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Sunday, October 11, 2009

Extend functools.partial to nested function calls?

I am reading the 1977 ACM Turing Award Lecture "Can Programming Be Liberated from the von Neumann Style? A Functional Style and Its Algebra of Programs" by John Backus.

In section 5.1 he is contrasting a von Neumann program for inner product, which he gives as:
c := 0
for i := 1 step 1 until n do
c := c + c[i] x b[i]
The above converts quit nicely to the python equivalent:
>>> v1, v2 = [1,2,3], [6,5,4]
>>> def ip_von_neumann(a, b):
c = 0
for i in range(3):
c = c + a[i] * b[i]
return c

>>> ip_von_neumann(v1, v2)
Backus then goes on to contrast the von Neumann style with his functional program:
Def Innerproduct ≡ (Insert +)o(ApplyToAll x)oTranspose
Which I converted to the following functional style Python:
>>> from operator import add, mul
>>> from functools import reduce as insert
>>> def ip_functional(*x):
return insert(add, map(mul, *x))

>>> ip_functional(v1, v2)

Well, the Python works, but it still has this name x that I would like to eliminate.

I think I can go part of the way by using functools.partial. For example, for the single function call of map(mul, *x) I can do:
>>> from functools import partial
>>> p1 = partial(map, mul)
>>> assert p1(v1, v2) == map(mul, *(v1, v2))
>>> map(mul, *(v1, v2))
[6, 10, 12]
But I don't know how to go that extra step and remove x from the definition fully, ie end up with just some assignment like:
ip_purefunctional = {A pure function of functions without any argument placeholders}

All help would be appreciated, Thanks.


  1. The answer is mostly in the expression of the original solution you're trying to duplicate in Python. The compose operator is used twice here:

    Def Innerproduct ≡ (Insert +)o(ApplyToAll x)oTranspose

    So, define a compose function in Python and then use it to define the inner product function:

    >>> from operator import mul
    >>> from functools import partial
    >>> def compose(f, g):
    ... return lambda *args, **kwargs: f(g(*args, **kwargs))
    >>> ip = compose(sum, partial(map, mul))
    >>> ip([1, 2, 3], [6, 5, 4])

    I used sum instead of reduce/add, but it's otherwise what you're looking for, I think.

    Also, unrelated to functional programming, your blog seems to have some unpleasant javascript injected into it which (at least in my case) popped up an audio-playing advertisement when I clicked on this text area to comment. :(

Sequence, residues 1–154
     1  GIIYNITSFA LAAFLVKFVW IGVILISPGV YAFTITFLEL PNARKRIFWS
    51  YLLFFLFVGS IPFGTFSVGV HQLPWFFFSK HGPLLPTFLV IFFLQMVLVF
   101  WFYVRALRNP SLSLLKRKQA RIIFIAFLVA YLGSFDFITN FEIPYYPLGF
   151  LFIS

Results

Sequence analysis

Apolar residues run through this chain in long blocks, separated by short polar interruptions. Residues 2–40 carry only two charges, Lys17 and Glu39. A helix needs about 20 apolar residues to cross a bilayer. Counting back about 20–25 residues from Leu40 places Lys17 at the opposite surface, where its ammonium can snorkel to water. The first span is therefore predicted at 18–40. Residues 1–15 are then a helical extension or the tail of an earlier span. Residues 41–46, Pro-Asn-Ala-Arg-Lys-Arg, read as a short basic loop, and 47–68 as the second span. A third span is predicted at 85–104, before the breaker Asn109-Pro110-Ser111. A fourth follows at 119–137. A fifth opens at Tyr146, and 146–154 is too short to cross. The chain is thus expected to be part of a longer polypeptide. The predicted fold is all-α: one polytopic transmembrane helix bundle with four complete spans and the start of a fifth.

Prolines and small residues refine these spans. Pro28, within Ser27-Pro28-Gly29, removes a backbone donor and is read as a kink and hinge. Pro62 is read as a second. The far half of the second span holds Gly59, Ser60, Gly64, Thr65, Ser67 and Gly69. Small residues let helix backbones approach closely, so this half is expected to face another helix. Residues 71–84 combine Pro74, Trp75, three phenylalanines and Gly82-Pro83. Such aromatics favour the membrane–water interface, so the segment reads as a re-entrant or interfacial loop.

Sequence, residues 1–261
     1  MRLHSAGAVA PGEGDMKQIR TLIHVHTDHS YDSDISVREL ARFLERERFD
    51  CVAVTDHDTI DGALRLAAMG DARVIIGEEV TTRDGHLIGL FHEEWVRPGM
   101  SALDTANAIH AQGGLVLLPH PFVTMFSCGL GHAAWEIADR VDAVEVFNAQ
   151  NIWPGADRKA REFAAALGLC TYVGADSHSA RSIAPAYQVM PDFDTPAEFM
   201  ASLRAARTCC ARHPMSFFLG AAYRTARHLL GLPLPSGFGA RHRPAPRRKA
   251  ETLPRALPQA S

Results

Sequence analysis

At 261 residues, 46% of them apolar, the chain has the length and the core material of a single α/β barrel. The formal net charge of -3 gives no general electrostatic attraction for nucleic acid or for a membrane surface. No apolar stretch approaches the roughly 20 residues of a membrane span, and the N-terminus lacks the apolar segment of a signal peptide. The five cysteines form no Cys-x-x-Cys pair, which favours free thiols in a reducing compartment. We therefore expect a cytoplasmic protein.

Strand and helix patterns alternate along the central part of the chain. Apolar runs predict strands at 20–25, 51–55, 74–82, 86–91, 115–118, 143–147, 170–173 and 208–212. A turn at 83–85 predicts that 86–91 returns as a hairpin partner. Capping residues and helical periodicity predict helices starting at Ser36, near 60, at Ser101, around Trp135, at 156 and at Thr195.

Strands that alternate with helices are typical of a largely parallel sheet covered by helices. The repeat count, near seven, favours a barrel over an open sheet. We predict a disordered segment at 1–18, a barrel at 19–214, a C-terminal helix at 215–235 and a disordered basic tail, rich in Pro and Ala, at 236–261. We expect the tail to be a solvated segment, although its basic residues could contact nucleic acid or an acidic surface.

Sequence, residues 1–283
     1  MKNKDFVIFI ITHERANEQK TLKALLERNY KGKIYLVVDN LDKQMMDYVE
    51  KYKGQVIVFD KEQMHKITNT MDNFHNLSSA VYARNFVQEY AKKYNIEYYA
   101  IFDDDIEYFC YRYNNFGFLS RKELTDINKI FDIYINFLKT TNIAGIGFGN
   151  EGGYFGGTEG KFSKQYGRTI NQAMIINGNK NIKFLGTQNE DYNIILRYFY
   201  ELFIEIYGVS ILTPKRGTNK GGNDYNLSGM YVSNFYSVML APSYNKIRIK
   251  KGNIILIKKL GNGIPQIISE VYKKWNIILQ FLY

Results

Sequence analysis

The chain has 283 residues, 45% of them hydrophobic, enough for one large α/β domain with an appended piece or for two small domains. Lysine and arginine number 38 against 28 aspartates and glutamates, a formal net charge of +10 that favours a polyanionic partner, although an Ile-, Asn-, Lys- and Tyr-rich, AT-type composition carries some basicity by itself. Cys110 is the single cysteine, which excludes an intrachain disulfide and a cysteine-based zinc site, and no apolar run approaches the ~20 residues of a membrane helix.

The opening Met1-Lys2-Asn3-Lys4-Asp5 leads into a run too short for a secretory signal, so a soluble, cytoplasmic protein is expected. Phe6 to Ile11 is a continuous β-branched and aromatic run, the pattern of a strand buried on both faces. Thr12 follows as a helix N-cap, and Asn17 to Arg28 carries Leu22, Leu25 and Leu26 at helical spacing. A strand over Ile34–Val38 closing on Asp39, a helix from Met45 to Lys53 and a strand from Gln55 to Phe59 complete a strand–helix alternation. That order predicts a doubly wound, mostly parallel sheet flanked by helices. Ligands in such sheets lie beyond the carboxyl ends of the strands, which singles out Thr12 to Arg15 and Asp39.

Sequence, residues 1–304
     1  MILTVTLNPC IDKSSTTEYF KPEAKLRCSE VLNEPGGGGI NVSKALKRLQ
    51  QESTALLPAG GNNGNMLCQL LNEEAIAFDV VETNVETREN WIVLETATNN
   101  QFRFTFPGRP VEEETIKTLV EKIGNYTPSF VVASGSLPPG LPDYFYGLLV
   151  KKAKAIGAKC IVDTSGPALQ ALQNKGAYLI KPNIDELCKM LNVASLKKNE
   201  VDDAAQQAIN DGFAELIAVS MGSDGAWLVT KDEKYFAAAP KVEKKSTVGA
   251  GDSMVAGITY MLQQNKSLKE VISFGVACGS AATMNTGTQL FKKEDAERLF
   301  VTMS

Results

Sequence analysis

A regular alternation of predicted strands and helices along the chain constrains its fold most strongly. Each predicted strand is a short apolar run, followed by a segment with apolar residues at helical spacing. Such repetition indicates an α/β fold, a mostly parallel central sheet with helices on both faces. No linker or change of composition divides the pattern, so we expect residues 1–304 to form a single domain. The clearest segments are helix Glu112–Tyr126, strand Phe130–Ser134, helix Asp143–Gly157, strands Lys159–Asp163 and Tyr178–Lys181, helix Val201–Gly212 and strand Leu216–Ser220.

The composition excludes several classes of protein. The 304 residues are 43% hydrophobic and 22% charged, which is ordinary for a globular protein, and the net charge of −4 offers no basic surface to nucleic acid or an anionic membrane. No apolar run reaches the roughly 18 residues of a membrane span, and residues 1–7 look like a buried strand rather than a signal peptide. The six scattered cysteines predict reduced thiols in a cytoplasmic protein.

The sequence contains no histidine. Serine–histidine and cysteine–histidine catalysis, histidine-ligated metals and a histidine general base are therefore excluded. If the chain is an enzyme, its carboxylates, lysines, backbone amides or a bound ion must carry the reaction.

2. It's a bit easier to see what's going on if you do it in haskell, I think.

    In haskell, this is called pointfree style, and is made quite easy, especially by simpler function composition. These two definitions of "w" are equivalent:

    Prelude> let w x = map (+ 1) x
    Prelude> w [1,2,3]
    Prelude> let w = map (+ 1)
    Prelude> w [1,2,3]

    And the "." operator is just like Jean-Paul's compose function, so "x" and "x2" are equivalent in this code:

    Prelude> let x y = sum (map (+1) y)
    Prelude> let x2 = sum . (map (+1))

    Similarly, these two versions of "inner_product" are equivalent:

    Prelude> let ip = (foldr (+) 0 .) . zipWith (*)
    Prelude> let ip2 x y = foldr (+) 0 (zipWith (*) x y)
    Prelude> ip [1,2,3] [6,5,4]
    Prelude> ip2 [1,2,3] [6,5,4]

    An especially neat feature of haskell is that it's possible to automatically convert any function to or from pointfree style.

  3. Thanks guys for the heads-up on compose. That is just what I am after.

    I wonder why there is no compose in functools?

    - Paddy.

    P.S. Anyone else have the popup problem mentioned by Jean-Paul?

  4. I got the popup the first time I started to write a comment, but when I came back after editing it for a bit, it was gone. Weird, short-lived blogspot bug perhaps?

    Also, re compose function in functools:

    It's still open from 2006, appears that nobody's done anything about it.

  5. ooh but then it's been rejected apparently:

    which references this rejected patch

    Basically, it got rejected for being out of line with python style generally. That seems silly to me, and that it would be simple and harmless to include in functools, but what are you going to do.



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